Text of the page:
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Will the e-Reader Market Change with the iPad?

One of the bigger announcements yesterday that coincided with Apple’s iPad was the introduction of their own ebook (or iBook) store.  They’ve signed on the major publishers to get content added for the iPad, but how will this move affect competitors like Amazon and Barnes & Noble?  Are they set to compete for business or are the devices completely different, targeted at consumers looking for two distinct experiences?

nookkindleAlthough it’s not directly marketed as a Kindle or Nook competitor, the iPad does step on the toes of both of these popular e-Readers.  The higher priced and poorly executed B&N Nook, despite it’s Android-powered colored screen, still lags behind Amazon’s popular Kindle and ebook store. Ultimately, the Kindle is the e-Reader to beat.  Both the iBook and the Kindle books are separate ebook formats, incompatible with one another.  As many avid readers have already snatched an e-Reader and have no doubt built up a library around that device’s ebook format, it makes them that much harder to be pulled away for something new where their libraries start from scratch.

The most strikingly different characteristic between true ebook readers and the iPad is really the screen technology.  Most ebook readers have e-ink screens that offer ultra-low power consumption to which no backlighting can compete.  E-ink readers can go weeks without a recharge, especially with other features like WiFi disabled.  The only real battery usage comes from refreshing pages, flipping the e-ink pixels into place.  Unlike these e-Readers, the iPad uses LED backlighting that requires much more battery power than its e-ink counterpart.  Many would also argue that reading on an e-ink device is much easier on the eyes and produces the best possible alternative to reading from paper itself.  Reading for an extended period of time on a backlit device can be straining on the eyes, shortening the life of a reading session.  It might come down to preference here, but I have a feeling most would side with e-ink technology.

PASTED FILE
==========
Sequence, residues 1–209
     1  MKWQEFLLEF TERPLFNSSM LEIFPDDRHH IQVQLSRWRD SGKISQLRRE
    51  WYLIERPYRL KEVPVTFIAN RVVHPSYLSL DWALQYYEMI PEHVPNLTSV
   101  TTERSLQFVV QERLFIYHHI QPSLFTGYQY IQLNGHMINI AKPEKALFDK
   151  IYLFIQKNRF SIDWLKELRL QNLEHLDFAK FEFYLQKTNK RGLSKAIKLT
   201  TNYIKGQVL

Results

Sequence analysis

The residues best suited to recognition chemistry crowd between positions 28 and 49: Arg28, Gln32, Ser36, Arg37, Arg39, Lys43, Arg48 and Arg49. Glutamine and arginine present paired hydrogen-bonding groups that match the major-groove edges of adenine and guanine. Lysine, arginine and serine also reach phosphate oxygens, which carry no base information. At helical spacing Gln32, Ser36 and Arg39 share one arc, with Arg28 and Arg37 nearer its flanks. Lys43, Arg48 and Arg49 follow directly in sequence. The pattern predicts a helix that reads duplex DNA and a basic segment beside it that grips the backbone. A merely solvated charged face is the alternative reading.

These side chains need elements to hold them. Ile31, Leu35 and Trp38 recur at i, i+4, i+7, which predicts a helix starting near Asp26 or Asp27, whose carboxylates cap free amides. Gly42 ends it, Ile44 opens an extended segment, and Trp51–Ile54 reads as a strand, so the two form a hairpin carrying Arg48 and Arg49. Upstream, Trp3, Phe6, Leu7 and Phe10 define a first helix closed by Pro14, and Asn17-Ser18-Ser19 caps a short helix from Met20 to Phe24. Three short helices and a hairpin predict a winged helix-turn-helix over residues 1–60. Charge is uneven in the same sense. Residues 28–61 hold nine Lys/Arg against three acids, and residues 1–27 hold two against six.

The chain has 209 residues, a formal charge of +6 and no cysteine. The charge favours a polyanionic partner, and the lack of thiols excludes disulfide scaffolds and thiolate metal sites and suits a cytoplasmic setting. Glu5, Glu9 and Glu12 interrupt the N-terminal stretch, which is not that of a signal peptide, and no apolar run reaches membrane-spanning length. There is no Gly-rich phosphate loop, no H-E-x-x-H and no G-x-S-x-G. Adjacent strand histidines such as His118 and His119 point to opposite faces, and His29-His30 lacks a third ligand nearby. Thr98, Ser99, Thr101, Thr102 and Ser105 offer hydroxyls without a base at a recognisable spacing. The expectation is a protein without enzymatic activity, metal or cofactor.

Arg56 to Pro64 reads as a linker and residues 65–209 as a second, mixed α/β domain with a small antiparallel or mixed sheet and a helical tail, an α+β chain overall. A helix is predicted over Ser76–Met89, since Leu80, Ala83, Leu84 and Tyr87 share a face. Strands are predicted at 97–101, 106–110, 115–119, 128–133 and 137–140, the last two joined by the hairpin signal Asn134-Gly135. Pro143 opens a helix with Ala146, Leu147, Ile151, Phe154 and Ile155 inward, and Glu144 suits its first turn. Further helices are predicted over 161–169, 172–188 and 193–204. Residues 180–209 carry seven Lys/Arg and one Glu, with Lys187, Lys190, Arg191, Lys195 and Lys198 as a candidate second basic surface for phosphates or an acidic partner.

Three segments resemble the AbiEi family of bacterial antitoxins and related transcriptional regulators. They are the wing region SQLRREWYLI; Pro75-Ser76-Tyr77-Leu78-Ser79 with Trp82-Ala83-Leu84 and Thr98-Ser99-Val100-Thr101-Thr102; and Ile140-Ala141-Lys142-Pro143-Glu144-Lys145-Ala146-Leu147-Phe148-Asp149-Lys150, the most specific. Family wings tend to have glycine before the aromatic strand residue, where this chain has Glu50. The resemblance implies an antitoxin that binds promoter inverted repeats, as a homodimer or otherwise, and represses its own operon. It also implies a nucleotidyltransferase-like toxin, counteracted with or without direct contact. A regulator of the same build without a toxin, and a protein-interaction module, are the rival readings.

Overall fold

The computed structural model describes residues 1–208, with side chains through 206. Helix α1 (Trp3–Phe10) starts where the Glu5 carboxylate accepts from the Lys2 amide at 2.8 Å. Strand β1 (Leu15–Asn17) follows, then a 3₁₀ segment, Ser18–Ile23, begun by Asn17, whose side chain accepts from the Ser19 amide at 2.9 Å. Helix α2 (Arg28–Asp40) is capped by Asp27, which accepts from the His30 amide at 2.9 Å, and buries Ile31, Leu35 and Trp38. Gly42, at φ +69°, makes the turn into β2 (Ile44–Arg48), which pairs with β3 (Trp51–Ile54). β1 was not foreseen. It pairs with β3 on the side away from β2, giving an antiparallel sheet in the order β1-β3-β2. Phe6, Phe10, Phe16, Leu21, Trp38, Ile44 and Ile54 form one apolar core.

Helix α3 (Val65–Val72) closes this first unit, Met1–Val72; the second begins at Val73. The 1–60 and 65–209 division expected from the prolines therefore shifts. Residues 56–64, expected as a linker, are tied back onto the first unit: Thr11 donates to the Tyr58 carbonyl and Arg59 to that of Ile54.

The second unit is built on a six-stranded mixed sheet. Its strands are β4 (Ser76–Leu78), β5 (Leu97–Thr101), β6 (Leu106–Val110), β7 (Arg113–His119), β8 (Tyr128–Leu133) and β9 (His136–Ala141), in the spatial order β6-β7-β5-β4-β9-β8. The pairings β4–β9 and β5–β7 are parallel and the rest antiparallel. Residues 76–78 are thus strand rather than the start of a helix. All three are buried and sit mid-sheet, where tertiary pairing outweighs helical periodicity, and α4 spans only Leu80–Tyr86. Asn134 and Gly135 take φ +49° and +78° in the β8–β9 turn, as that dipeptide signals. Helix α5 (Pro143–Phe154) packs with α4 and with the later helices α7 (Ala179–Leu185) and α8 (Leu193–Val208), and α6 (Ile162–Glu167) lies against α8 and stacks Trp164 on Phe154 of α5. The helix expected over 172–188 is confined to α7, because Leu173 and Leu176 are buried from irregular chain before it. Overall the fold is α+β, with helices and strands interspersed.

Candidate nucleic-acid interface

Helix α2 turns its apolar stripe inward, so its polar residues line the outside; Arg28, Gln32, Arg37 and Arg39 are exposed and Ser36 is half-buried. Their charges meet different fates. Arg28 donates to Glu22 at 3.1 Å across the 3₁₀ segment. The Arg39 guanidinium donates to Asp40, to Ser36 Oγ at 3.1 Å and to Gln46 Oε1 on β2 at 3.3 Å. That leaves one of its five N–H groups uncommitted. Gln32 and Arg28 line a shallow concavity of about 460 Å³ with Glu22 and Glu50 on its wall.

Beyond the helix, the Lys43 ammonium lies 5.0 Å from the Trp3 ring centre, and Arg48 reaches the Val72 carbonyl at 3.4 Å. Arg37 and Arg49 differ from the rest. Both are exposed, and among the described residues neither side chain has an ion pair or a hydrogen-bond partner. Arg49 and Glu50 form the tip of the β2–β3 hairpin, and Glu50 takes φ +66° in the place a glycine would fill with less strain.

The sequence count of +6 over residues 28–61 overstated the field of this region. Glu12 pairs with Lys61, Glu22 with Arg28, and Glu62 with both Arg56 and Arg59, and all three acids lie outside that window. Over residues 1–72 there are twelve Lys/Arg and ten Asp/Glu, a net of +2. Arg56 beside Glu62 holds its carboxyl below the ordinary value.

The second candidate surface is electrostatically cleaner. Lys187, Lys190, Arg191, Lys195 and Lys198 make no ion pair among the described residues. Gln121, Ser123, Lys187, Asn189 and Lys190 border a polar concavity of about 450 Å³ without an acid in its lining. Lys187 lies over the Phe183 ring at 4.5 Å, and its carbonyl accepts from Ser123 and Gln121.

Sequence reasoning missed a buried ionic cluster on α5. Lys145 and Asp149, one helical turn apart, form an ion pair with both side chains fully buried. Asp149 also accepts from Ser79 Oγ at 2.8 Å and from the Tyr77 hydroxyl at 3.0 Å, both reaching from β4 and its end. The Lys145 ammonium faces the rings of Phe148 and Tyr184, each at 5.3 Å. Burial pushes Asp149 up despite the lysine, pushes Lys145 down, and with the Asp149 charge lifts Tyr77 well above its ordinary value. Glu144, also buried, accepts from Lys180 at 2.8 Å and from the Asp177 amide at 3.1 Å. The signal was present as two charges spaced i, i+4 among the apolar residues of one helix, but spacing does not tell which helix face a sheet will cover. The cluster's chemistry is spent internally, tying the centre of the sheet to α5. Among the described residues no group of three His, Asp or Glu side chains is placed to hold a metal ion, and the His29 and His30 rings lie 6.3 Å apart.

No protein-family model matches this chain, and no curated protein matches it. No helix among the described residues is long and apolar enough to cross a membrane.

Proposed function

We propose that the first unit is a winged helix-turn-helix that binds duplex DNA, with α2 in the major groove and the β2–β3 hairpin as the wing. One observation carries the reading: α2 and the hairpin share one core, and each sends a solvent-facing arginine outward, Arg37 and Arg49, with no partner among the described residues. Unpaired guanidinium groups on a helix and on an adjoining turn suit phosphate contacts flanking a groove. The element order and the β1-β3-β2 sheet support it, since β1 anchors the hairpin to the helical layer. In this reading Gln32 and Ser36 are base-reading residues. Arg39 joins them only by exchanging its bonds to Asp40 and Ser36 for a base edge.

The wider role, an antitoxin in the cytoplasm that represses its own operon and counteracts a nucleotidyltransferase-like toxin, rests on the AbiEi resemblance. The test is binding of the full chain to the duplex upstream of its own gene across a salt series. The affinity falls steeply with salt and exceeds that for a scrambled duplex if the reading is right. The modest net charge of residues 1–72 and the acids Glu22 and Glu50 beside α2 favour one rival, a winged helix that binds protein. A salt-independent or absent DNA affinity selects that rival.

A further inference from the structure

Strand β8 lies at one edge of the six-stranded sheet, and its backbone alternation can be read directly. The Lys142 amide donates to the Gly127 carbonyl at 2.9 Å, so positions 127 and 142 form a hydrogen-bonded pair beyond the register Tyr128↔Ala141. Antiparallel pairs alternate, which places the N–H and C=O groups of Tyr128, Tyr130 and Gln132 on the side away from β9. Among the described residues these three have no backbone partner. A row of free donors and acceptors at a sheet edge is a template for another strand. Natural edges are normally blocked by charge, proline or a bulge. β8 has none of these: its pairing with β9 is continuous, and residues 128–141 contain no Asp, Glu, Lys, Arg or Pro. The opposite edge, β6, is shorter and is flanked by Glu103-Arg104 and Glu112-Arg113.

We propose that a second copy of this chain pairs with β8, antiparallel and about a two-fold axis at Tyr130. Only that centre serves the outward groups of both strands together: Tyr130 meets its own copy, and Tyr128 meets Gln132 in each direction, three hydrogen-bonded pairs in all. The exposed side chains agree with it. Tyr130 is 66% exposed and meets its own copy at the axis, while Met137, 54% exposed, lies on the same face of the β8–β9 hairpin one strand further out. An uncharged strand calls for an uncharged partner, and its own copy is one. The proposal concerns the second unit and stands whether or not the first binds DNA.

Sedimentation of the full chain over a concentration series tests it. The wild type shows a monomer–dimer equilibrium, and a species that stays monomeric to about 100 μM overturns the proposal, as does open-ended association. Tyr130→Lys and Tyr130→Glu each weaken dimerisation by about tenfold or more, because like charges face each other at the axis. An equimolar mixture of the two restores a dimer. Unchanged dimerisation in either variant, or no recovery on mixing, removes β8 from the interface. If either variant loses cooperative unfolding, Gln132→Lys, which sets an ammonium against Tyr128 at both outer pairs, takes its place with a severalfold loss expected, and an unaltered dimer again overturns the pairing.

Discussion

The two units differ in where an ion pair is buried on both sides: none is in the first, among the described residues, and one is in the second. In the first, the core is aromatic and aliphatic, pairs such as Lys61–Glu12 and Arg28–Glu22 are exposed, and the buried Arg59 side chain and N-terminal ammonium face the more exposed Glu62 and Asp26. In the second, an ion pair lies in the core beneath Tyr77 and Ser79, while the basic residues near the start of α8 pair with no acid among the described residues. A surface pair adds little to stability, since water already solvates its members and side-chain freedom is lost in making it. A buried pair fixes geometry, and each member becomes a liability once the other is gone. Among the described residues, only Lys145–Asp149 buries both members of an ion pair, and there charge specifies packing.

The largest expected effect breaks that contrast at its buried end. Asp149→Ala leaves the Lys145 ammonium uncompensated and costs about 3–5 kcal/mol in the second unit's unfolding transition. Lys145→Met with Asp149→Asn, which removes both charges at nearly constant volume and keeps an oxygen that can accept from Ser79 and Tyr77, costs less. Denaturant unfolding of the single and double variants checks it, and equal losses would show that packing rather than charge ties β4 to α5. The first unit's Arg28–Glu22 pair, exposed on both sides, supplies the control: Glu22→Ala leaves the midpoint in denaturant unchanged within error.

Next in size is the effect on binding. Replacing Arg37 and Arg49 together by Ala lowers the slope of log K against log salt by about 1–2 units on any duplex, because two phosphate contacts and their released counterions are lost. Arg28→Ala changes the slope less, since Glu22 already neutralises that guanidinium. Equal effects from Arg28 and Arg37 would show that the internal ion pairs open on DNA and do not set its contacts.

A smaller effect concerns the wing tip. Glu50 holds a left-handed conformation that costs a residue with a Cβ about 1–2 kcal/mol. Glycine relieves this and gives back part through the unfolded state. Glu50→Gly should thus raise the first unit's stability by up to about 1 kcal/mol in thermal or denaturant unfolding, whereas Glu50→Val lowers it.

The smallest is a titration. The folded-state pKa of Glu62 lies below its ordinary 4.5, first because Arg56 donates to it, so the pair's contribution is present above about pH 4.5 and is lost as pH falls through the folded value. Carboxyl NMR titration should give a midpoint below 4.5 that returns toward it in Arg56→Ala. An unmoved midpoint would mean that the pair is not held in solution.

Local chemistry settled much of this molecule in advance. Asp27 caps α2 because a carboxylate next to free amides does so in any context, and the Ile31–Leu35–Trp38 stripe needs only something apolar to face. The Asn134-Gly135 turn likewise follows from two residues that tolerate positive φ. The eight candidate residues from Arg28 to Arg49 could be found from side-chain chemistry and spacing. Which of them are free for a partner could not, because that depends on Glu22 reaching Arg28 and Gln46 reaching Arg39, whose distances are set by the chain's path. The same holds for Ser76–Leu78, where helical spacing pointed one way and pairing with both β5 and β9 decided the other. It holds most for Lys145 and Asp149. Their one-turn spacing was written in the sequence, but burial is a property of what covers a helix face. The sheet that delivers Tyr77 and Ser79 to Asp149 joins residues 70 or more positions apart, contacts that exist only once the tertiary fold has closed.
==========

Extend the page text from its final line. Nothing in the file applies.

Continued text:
Most compelling for the iPad is the additional functionality that’s bundled within the touchscreen device.  The Kindle has just opened the opportunity for developers to create applications to view updating content, but due to limitations on the device itself might struggle to gain traction.  The iPad is much more than an ebook reader.  It’s an internet browser, light gaming device, and movie player.  It’s so much more than e-ink e-Readersipad21 can dream up.   Of course this functionality comes at a price.  The iPad starts at $499 and the Kindle and Nook at $259.

The e-ink devices of today like the Kindle and Nook appeal strongest to the hardcore reader.  As less enthusiastic readers begin looking for an e-reading device, many will probably consider the iPad and be swayed by its more versatile functionality.  For now, there seems to be a place for both, but the continuing overlap in competing markets will push the war into one based on larger content libraries.  Do you think the iPad will eat away at any of the e-Reading market?  Is there a place where both can coexist? Share your thoughts in the comments.